Discussion Top


Chromoblastomycosis, usually occurs on hands, feet and legs, but in the present case, the primary involvement of face was unusual. Although confined to skin and subcutaneous tissue, the hematogenous and lymphatic dissemination of the mycotic infection ending fatally has been documented in rare cases.[5] Involvement of small and large gut and larynx and trachea ending fatally in our cases also points to a hematogenous spread of the fungus. Intralesional or systemic administration of amphoterecin-B, surgery flucytosine, calciferol with or without potassium iodide and INH has produced better results than ketoconazole, KI alone, thiabendanole and topical heat and X-ray therapy. Newer imidazoles like posoconazole, thioconazole, sulconazole and butaconazole are still under investigation. Variable results with ketoconazole in chromoblastmycosis have been reported. In our case, however, both amphoterecin-B and ketoconazole failed to halt the progression of the fungus.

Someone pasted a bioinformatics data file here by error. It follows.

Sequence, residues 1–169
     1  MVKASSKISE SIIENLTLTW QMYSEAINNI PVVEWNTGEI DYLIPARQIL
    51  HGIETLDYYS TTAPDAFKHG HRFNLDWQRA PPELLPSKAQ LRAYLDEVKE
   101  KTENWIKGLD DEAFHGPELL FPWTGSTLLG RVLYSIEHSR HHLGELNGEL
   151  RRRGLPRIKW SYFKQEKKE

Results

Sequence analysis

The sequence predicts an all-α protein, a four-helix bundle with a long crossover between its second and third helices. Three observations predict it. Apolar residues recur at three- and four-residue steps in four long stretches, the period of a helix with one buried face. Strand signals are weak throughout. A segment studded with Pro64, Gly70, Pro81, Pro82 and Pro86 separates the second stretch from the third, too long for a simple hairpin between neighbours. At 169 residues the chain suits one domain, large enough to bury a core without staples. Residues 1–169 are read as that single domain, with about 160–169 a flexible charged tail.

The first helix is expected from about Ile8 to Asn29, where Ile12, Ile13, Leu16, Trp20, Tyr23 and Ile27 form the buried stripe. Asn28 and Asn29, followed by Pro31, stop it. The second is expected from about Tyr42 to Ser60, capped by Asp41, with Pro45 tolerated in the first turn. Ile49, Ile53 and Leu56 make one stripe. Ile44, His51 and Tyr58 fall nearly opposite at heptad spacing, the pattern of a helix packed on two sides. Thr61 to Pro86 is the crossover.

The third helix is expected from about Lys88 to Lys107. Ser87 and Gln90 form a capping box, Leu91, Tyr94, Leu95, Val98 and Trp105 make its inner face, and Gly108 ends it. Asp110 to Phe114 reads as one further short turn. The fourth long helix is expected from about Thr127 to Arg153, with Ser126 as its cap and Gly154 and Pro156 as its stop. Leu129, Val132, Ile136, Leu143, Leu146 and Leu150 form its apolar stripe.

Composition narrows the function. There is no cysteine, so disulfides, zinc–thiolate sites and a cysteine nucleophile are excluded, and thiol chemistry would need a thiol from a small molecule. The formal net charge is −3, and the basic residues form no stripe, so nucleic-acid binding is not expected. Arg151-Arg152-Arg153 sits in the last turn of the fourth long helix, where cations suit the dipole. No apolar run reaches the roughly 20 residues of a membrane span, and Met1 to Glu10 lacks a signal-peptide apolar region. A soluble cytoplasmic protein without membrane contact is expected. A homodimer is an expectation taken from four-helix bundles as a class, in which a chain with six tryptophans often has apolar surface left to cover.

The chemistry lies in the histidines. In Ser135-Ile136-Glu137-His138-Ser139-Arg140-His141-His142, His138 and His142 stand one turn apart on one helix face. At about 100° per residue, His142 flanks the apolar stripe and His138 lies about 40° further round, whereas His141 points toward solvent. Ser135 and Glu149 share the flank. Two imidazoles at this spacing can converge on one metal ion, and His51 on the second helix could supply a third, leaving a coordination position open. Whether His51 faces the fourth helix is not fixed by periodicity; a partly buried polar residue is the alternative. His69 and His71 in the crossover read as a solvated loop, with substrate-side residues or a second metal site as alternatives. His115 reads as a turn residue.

References Top

1.Thomas C, Job CK, Hardley GC. Chromomycosis. Ind J Med Sci 1975;11:507-3.  Back to cited text no. 1    
2.Cuec LC, Wroclawski EL, Sampio SA. Treatment of paracoccidiomycosis, candidiasis, chromomycosis, lobomycosis and mycetoma with ketoconazole. Int J Dermatol 1980;19:405-8.  Back to cited text no. 2    
3.South DA, Brass C, Stevens DA. Chromohyphomycosis, treatment with ketoconazole. Arch Dermatol 1981;117:311-2.  Back to cited text no. 3  [PUBMED]  
4.Kumar K, Sarin RC. Chromoblastomycosis. Ind J Dermatol Venerol Leprol 1978;5:310-4.  Back to cited text no. 4    
5.Verma KC, Chaudhary SD, Chugh TD, et al. Chromomycosis-a case report. Ind J Dermatol Venerol Leporl 1977;43:35-7.  Back to cited text no. 5    



This article has been cited by
1 Chromoblastomycosis in India
Sharma, N.L., Sharma, R.C., Grover, P.S., Gupta, M.L., Sharma, A.K., Mahajan, V.K.
International Journal of Dermatology. 1999; 38(11): 846-851
[Pubmed]